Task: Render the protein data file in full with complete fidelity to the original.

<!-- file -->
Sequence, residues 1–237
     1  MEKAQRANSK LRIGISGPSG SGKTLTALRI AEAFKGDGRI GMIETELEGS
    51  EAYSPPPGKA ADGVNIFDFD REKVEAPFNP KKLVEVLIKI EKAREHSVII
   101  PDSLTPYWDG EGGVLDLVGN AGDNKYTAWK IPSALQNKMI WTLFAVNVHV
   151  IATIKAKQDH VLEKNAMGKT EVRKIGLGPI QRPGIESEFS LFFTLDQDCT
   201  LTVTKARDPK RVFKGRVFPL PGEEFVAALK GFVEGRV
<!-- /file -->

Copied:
Sequence, residues 1–237
     1  MEKAQRANSK LRIGISGPSG SGKTLTALRI AEAFKGDGRI GMIETELEGS
    51  EAYSPPPGKA ADGVNIFDFD REKVEAPFNP KKLVEVLIKI EKAREHSVII
   101  PDSLTPYWDG EGGVLDLVGN AGDNKYTAWK IPSALQNKMI WTLFAVNVHV
   151  IATIKAKQDH VLEKNAMGKT EVRKIGLGPI QRPGIESEFS LFFTLDQDCT
   201  LTVTKARDPK RVFKGRVFPL PGEEFVAALK GFVEGRV